If this, indeed, is the PID meeting, somebody at South Side Quarter Development Corp. does not want this meeting to drag on. Then a lady at the table tells me it’s not a public meeting. Somebody doesn’t want me here at all.
I engage in a very high-flown philosophical debate with the lady who told me it wasn’t a public meeting. I say something like, “Is so,” several times, and she says something like, “Is not,” several times. Then I just sit down and stay, because I know she’s too chicken to call the cops. Old reporter trick: They’re always too chicken to call the cops, so just park your butt in a chair and take some notes, but keep your eye on the window.
Davenport is extremely smooth and polite and manages to extract from the meeting that the reincarnated PID is now being run by this South Side Quarter Development thing, a nonprofit, it says, even though its name says it’s a development corporation. While we are sitting there, I look up its 990 IRS declarations on my phone.
It does, indeed, have a 501(c)(3) tax exempt status. Its officers, all unpaid, include two full-time senior executives of Matthews Southwest and an attorney who appears to be a sole practitioner but has offices in the same building with the nonprofit.
Whatever is going on here with The Bridge on the River Kwai prisoner-of-war, sweat-box meeting room, this PID is a matter of great interest to Matthews Southwest.
The South Dallas Fair Park Public Improvement District is a land bridge between Fair Park and The Cedars area developed by Matthews Southwest.dallascityhall.com
Nothing happens at this meeting. They talk about picking up litter. I try not to pass out. Finally, on the way out, Davenport and I stop by this huge architectural model of downtown and the Cedars — one of those things they make on a big table with miniature buildings and stuff.
Somehow in looking down on the model we get a bird’s-eye view, and it strikes both of us that the South Dallas Fair Park PID runs all the way from Fair Park in the northeast along the spine of MLK one and two-thirds miles southwest into the doorstep of South Side on Lamar and the very heart of the Matthews Southwest holdings in the Cedars area. The PID is a land bridge along MLK linking Matthews Southwest to Fair Park.
Let me say right here that none of that may mean a damned thing. Maybe Matthews Southwest has directed its community nonprofit arm to clean up and manage the South Dallas Fair Park PID because they’re neighbors and Matthews Southwest wants to be Mr. Rogers.
I wish I could have persuaded someone at Matthews Southwest to tell me that. I did speak to and exchange email with people there over a couple of days. I told them I wanted to know specifically if Matthews Southwest has any development plans or interest in the area between the Cedars and Fair Park. The response to that question was a very somber silence.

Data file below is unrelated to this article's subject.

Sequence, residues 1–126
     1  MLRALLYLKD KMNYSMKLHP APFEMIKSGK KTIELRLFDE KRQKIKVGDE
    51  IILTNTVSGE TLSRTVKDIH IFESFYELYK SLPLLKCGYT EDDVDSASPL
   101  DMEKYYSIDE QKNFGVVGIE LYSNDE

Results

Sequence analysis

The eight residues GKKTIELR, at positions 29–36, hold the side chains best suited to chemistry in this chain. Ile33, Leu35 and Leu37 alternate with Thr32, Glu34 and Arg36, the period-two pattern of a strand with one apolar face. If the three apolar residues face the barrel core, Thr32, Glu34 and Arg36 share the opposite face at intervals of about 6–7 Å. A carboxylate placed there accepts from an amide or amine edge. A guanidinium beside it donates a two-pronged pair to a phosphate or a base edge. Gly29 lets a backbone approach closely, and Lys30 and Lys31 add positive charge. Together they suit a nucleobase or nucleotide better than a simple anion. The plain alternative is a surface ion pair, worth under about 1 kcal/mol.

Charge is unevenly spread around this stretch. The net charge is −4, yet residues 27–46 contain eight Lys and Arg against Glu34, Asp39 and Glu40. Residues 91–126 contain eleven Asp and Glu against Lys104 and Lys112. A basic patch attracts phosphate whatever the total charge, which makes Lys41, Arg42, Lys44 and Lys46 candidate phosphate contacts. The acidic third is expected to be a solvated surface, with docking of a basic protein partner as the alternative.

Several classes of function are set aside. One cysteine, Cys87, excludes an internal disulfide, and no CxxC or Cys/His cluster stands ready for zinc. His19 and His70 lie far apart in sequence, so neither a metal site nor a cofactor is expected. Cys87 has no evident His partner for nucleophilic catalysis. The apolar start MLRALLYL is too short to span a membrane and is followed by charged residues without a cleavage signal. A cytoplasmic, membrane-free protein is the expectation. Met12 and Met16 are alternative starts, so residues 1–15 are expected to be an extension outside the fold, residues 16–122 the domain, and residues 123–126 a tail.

The off-shoring of these PIDs to private entities, I am quite sure, is at least in part an end-run around the public access and information laws, in spite of the public funding. This particular PID, according to its budget projections, intends to eat up $1.22 million in tax dollars between now and 2023.
Something between $110,000 and a quarter-million dollars of that tax money has been lost already in the Hip Hop chapter, and no one at City Hall has shown the slightest inclination to go look for it. The new Matthews Southwest people say they were never given those records. Somehow this all ceases to be any of the public’s business anyway once it’s turned over to the private Matthews handlers.
The persistent recurring persecution of Davenport by the city over a period of two decades has always had two possible explanations. The one I don’t like and he himself never ever brings up is the only-white-man-on-MLK explanation. The counter evidence to it is that Davenport gets along well enough with neighboring black-owned businesses that he was able to talk them into taxing themselves for the PID. But he is pretty much the only white man on MLK.
The other explanation, which he and I both have always felt has more credibility, is real estate speculation — someone out there is determined to run him off his land and get it from him cheap. The counter evidence there has always been the question, who?
Rich, powerful white people go miles out of their way to avoid MLK. So what big powerful developer would be interested? I simply cannot imagine. As soon as we’re done here, I’m going to go ask the GPS lady. She knows everything.